Frankamenite, K3Na3Ca5[Si12O30]F3(OH)1H2O, from the Yakutian charoitic rocks, has a triclinic unit cell with the dimensions: a = 10.094(3), b = 12.691(3), c = 7.240(1) Å, α = 90.00(2)°, β = 111.02(2)°, γ = 110.20(2)°, sp.gr. = P1, Z = 1. Its crystal structure has been refined to Raniso= 0.059 (Rw = 0.060) using the intensities of 2563 reflections.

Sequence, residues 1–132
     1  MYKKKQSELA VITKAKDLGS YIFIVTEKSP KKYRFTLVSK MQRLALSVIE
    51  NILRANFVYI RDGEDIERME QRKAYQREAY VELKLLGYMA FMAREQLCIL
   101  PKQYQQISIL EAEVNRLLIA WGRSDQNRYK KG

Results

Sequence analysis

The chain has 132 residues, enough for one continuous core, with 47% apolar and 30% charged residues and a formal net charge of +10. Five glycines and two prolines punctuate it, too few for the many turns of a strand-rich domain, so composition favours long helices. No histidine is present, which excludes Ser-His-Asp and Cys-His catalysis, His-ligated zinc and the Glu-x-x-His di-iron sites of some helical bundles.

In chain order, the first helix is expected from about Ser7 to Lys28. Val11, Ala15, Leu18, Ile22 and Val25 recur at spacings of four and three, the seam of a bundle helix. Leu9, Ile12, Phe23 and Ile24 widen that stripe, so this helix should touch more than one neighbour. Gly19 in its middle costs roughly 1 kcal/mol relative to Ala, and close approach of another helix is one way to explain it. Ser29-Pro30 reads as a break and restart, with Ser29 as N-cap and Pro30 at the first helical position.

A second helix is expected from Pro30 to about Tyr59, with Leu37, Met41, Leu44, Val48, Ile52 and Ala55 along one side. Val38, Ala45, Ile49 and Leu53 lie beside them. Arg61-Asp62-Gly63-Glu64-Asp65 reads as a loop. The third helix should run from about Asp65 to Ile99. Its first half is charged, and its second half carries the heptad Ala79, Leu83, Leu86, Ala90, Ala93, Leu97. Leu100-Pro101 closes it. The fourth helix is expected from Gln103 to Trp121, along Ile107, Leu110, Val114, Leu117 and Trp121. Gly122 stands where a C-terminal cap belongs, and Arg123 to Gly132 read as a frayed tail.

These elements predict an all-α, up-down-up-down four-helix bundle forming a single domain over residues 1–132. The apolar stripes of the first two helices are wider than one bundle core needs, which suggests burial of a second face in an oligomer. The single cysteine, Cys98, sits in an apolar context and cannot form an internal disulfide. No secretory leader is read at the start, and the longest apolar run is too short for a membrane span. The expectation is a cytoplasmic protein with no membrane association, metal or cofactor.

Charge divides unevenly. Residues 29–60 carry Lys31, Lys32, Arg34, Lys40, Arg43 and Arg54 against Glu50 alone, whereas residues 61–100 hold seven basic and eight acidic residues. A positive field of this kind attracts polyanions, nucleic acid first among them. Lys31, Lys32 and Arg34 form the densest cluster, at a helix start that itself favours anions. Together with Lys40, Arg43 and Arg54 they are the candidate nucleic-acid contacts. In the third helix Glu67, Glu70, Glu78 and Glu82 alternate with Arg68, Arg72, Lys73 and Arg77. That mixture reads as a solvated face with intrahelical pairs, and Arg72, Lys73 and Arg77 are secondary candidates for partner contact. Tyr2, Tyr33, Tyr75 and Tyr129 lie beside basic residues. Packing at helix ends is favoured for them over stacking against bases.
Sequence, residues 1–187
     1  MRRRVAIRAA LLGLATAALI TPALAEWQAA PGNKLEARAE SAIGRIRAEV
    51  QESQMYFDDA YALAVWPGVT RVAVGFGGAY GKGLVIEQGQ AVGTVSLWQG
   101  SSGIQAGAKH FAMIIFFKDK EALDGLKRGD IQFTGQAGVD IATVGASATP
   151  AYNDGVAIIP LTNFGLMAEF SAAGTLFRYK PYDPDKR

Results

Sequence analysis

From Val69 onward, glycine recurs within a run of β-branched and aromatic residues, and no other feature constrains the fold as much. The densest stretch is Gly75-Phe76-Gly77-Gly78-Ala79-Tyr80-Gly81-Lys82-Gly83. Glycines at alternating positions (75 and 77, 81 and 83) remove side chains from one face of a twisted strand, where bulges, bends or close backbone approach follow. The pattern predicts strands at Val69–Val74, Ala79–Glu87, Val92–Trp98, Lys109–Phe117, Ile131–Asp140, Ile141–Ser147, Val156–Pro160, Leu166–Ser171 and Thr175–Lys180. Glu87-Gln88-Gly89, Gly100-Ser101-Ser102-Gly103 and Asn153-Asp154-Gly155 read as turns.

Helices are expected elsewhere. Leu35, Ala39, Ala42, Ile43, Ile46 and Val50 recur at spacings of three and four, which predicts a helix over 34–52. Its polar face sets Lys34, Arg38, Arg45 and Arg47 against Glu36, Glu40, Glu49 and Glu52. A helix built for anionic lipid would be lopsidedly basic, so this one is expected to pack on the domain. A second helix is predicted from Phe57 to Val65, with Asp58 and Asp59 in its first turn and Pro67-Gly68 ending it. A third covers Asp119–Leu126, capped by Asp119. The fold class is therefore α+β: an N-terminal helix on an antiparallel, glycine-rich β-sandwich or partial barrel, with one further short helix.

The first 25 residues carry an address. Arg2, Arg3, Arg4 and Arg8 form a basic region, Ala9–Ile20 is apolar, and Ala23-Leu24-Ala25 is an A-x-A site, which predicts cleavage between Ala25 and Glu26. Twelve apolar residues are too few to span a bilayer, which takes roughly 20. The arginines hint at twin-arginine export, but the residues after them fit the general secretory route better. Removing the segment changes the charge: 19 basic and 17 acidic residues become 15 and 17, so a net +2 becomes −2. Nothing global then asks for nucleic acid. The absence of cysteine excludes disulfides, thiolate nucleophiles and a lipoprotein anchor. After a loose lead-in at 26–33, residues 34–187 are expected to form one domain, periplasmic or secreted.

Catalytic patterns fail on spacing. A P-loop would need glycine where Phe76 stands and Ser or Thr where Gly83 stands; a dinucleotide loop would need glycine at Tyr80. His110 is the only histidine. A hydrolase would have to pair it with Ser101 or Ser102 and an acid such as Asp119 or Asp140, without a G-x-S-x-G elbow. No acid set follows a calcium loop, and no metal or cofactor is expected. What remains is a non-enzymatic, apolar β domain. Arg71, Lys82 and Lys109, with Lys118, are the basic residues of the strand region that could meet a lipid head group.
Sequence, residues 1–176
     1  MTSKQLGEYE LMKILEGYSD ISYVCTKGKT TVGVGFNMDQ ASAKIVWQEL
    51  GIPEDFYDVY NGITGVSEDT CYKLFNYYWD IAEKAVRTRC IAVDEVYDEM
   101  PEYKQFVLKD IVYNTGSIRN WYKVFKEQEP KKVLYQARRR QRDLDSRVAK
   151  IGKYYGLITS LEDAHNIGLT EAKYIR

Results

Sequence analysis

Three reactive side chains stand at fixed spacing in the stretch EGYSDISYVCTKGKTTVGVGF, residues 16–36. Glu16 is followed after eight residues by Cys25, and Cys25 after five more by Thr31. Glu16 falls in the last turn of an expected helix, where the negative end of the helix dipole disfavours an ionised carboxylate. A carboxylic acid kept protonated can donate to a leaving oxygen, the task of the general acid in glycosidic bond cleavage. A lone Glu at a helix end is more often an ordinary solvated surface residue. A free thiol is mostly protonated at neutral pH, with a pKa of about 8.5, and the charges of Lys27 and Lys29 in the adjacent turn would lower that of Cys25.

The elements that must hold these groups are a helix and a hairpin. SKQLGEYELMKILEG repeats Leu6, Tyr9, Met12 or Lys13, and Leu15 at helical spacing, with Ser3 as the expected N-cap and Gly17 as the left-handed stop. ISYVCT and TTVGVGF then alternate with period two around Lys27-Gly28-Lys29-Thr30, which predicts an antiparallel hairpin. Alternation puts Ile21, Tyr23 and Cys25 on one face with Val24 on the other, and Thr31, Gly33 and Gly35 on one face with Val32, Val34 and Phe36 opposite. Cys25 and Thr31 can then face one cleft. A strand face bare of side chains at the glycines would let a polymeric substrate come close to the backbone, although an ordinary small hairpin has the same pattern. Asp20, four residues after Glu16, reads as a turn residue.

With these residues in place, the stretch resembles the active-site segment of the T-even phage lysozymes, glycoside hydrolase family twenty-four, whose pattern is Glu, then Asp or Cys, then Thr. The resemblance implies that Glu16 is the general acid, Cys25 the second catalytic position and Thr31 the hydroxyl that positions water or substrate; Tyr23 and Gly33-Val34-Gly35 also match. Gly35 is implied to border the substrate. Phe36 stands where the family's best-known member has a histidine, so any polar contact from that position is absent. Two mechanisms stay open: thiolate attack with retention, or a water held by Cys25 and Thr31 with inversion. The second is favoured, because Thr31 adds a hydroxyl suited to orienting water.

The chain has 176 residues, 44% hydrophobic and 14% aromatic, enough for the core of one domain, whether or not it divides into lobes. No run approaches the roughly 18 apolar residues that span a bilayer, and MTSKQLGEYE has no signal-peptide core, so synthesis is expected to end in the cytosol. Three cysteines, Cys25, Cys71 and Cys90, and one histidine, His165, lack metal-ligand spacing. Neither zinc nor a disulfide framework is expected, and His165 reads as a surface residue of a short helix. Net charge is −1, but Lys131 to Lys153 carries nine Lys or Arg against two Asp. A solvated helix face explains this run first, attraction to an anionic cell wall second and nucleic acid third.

The bases of the structure are zig-zag walls of Ca, Na octahedra joined by infinite octagonal cross-sectioned tubes of SiO4 of the composition (Si12O30). Unlike canasite from the Khibini Mountains, the triclinic cell of frankamenite contains only one silicate tube. The atomic coordinates, interatomic distances and angles are topologically similar to those of canasite. Major differences are observed in the distribution of octahedral cations, which reflect the different anion compositions. Frankamenite exhibits six mixed Ca-Na positions, whereas canasite has only one such position. The H2O molecule is located in the centre of the silicate tube between K+ cations.